Moses might have been called ‘the son of Pharaoh’s daughter’ but Jochebed knew — by the recognition that first saw that ‘he was a fine child’, by his preservation in the basket and by the answer to her prayers that he was returned to her to nurse — Jochebed knew that God had a purpose for Moses. How great her vision was we do not know but her struggle to preserve her son’s life is representative of the struggles of a whole generation. Their vigour, fear of God and resistance to the mortal enemy of their people would have had poor reward if the preserved generation had continued to be the beaten and ground-down bunch of slaves that wouldn’t listen to Moses eighty years later. But just as God provided the idea of the basket to Jochebed and the opportunity for Miriam to suggest to Pharaoh’s daughter that she fetch ‘a nurse from the Hebrew women,’ he also sent the nine plagues to strengthen Israel in the measure that they weakened Egypt.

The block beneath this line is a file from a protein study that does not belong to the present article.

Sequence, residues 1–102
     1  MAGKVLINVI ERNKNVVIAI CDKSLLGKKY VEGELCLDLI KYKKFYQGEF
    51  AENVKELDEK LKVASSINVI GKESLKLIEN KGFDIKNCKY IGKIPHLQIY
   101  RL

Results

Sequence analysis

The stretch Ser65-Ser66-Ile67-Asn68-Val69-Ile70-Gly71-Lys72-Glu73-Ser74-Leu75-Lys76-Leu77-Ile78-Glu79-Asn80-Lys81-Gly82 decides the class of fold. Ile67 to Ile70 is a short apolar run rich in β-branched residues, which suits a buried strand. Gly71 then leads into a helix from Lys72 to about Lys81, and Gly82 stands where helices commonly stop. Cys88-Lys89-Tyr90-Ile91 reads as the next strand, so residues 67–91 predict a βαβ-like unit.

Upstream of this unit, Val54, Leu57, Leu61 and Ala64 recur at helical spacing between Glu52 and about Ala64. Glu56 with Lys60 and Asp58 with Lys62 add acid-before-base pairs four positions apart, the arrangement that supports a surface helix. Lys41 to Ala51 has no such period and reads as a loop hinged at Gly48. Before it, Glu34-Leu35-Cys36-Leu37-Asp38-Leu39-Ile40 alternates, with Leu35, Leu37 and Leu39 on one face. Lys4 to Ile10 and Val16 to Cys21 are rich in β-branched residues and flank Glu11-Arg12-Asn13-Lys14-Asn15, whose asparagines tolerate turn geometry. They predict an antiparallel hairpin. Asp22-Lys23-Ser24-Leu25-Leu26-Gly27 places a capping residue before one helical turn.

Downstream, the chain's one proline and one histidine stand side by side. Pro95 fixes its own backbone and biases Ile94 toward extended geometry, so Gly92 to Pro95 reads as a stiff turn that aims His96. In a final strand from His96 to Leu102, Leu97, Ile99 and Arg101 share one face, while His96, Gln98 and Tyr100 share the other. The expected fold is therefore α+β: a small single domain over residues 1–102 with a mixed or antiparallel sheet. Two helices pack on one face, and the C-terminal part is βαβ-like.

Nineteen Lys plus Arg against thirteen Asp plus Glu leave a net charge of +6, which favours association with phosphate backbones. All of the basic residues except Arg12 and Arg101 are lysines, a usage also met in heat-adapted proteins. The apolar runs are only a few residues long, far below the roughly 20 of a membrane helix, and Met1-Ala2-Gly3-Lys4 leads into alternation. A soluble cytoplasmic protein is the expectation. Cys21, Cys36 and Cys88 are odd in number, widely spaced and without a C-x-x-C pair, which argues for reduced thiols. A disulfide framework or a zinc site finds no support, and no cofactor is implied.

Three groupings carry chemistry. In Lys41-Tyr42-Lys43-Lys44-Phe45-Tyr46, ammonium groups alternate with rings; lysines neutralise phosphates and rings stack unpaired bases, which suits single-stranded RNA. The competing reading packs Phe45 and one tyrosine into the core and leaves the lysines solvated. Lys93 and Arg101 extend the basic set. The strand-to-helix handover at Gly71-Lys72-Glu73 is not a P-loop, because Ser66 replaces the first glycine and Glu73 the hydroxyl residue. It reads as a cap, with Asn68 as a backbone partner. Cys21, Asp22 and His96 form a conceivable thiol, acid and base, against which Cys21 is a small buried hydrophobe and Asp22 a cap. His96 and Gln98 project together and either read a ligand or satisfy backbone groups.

Moses himself honored his mother with another mention of her name:

Numbers 26[52-59]

52 • The LORD spoke to Moses, saying,
53 • “Among these the land shall be divided for inheritance
according to the number of names.
54 • To a large tribe you shall give a large inheritance,
and to a small tribe you shall give a small inheritance;
every tribe shall be given its inheritance in proportion to its list.

55 • But the land shall be divided by lot.
• According to the names of the tribes of their fathers
they shall inherit.